Sackboy: A Big Adventure Review – Stuffed

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8.0 Great!

While it's certainly not the headline grabbing game of the PS5 launch, there's a simple joy to playing A Big Adventure. It's charming, quirky, shows off a decent amount of the PS5 in action and is, most importantly, consistently fun. Sackboy probably isn't going to compete with the likes of Mario or Crash any time soon but his first adventure out into a fully 3D world is one that's definitely worth checking out, especially if you have kids. Hell, even if you don't have any spawn it's still a great time if you're looking for something chilled yet joyful to sink a few hours into.

  • Graphics 8
  • Soundtrack 10
  • Story 7
  • Gameplay 7
  • User Ratings (0 Votes) 0

It always felt like Sony wanted Sackboy to be their modern mascot. Like how Crash Bandicoot represented the PlayStation during the 90s, the little hessian textured man from the excellent LittleBigPlanet was meant to fulfill the same roll for a modern audience. Weird thing is, while that was no doubt the intention behind Sackboy, he never actually had his own game.

Well, it’s good to know that Sony has finally seen the error of their ways. We now have an actual game dedicated solely to the platforming exploits of a sentient bag. That’s probably too disparaging because if we’re honest, we actually really enjoyed Sackboy: A Big Adventure. It has it’s faults but at it’s core it’s a charming game that’s a joy to play if you’re not looking for anything particularly taxing.

Sackboy

Crash Bagicoot

As you can expect from a title such as this, A Big Adventure doesn’t exactly do all that much to tell a compelling narrative. Which is okay! Not like a game starring Sackboy needed a bunch of in-depth lore and world-building. The general premise is that Vex, an evil jester (we think), kidnaps and enslaves the inhabitants of Craftworld to build a device to rob the land of all it’s happiness and joy and turn it into a Hellhole. Vex is doing this because… he can? As a villain who is evil for the sake of being evil, he’s actually really fun with a great performance compelling him through the narrative.

Truth be told, it’s a fun little story sold by some oddly compelling performances. Dawn French and Richard E. Grant sound as into it as anyone, giving the whole thing a real “big budget” presentation which you wouldn’t really expect to see alongside major titles like Demon’s Souls and Miles Morales. It’s clearly focused at kids and there’s nothing wrong with that. In fact, it nails it’s tone and should be enjoyed by young and old alike.

Mechanically sacked

Gone are LittleBigPlanet‘s wildly customisable levels and and 2.5D levels, replaced with a 3D platformer and an overhead camera that feels close enough to those original games but also fresh in it’s own way. It doesn’t exactly shake up the formula of the genre but there’s certainly fun to be had in navigating the overworld, unlocking new levels and mini-games and collecting hundreds of… frog eggs? We’re not actually sure what the collectibles are but they make a nice sound when you run over them.

The completionism aspect doesn’t stop there as there’s a load of cool stuff to unlock. Given Sackboy’s heritage, there’s plenty of cool stickers and costumes to unlock. Best part is that those outfits are completely customisable, meaning you can chop and change aesthetics as you please.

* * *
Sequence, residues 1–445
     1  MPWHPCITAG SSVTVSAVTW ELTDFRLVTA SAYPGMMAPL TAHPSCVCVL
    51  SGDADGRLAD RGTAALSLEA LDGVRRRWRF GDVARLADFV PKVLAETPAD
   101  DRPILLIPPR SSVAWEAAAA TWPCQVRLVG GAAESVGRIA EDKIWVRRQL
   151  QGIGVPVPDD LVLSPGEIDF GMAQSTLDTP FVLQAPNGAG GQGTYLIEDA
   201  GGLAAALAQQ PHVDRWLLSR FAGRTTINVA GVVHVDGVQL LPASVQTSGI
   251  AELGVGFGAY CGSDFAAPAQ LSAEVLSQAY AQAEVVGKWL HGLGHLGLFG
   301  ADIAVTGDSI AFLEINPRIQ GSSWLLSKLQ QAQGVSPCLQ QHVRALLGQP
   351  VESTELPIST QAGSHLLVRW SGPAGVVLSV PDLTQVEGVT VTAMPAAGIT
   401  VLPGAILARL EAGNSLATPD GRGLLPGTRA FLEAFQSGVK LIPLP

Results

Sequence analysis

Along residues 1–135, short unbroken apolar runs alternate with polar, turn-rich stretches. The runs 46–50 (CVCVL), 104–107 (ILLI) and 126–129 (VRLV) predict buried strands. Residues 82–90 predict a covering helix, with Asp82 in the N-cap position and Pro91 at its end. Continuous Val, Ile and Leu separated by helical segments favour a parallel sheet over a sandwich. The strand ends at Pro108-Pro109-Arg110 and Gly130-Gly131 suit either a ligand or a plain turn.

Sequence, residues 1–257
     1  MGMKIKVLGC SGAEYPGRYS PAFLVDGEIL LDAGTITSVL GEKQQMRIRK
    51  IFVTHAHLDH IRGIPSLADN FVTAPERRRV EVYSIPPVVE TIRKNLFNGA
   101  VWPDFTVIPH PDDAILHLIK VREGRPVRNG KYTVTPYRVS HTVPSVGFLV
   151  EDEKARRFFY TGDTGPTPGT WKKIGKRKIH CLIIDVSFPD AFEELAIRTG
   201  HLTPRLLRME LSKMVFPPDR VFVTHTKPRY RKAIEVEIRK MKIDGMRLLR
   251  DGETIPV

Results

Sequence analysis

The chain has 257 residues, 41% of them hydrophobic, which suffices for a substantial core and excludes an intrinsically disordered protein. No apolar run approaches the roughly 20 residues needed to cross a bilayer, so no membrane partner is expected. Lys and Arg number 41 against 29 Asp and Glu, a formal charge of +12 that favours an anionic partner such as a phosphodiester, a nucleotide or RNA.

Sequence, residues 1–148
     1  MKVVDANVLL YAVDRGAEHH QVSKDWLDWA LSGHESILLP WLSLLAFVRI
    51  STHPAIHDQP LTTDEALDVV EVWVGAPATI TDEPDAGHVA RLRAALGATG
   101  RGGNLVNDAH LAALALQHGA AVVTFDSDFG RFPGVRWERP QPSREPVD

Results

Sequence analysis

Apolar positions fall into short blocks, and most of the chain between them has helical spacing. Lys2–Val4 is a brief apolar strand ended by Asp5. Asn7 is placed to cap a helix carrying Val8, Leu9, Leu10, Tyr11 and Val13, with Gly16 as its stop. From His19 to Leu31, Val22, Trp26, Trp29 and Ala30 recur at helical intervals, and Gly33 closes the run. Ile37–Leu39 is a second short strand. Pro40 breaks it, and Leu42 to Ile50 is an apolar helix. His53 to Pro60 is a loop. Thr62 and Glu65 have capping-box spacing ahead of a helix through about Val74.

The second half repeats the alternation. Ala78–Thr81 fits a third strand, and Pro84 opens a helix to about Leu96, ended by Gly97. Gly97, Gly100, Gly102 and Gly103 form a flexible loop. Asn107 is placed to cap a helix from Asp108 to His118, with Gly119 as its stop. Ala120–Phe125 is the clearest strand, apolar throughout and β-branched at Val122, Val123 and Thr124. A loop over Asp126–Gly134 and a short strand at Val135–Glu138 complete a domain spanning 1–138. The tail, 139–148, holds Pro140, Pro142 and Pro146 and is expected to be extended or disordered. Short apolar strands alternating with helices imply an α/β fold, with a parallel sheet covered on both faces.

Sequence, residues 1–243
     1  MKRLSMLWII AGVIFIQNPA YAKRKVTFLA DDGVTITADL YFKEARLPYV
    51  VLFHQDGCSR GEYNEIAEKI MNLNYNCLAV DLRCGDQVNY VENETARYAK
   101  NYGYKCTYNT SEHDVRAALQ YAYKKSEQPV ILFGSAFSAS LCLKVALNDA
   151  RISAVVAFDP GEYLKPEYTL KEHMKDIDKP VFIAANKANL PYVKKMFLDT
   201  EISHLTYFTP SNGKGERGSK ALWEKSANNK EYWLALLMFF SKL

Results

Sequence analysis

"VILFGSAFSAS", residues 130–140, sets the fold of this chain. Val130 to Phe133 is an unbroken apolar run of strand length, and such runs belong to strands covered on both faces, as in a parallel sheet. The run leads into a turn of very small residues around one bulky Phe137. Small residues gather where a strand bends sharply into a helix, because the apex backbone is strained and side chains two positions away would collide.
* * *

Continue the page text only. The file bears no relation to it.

While the game does start of eye-rollingly easy (to the point of boredom) you should definitely stick around for some of the later segments. Sure, younglings will enjoy the simple stuff but there’s actually some complexity hidden in A Big Adventure. Optional time trials are tight enough that most can be quite a challenge and there’s a solid spread of mechanics sprinkled in to really change up the gameplay.

Oh, and we have to mention the music. There’s an incredible soundtrack on display here with a mixture of both original and licensed songs to run along to. Levels will often employ some clever design and editing to have Sackboy complete actions in sync with the music being played and it kinda rules? We won’t spoil what songs are included but there are some absolute bangers, trust us.

Knitted together

We haven’t played the PS4 version of Sackboy: A Big Adventure but we’ll confidently stake our claim that the PS5 version is superior. The game looks stunning and given the theme of arts and crafts, there’s a stunning amount of detail on display. Seeing accurate reflections in Sackboy’s eyes is always a treat and having everything run so smoothly at a 4K resolution is more a game changer than you’d expect.

A Big Adventure also makes tremendous use of the new features included with the PS5’s DualSense controller. Having that hyper specific rumble that reflects even the faintest of movements never gets old and the built-in speaker… well, that just plays sounds which isn’t all that new but it’s still pretty cool! The best part is still the haptic feedback which tightens and relaxes whenever Sackboy is grasping a hold of something. Small details that really go the extra mile at making this game feel like a new-gen experience.

Sackboy: A Big Adventure Verdict

While it’s certainly not the headline grabbing game of the PS5 launch, there’s a simple joy to playing A Big Adventure. It’s charming, quirky, shows off a decent amount of the PS5 in action and is, most importantly, consistently fun. Sackboy probably isn’t going to compete with the likes of Mario or Crash any time soon but his first adventure out into a fully 3D world is one that’s definitely worth checking out, especially if you have kids. Hell, even if you don’t have any spawn it’s still a great time if you’re looking for something chilled yet joyful to sink a few hours into.

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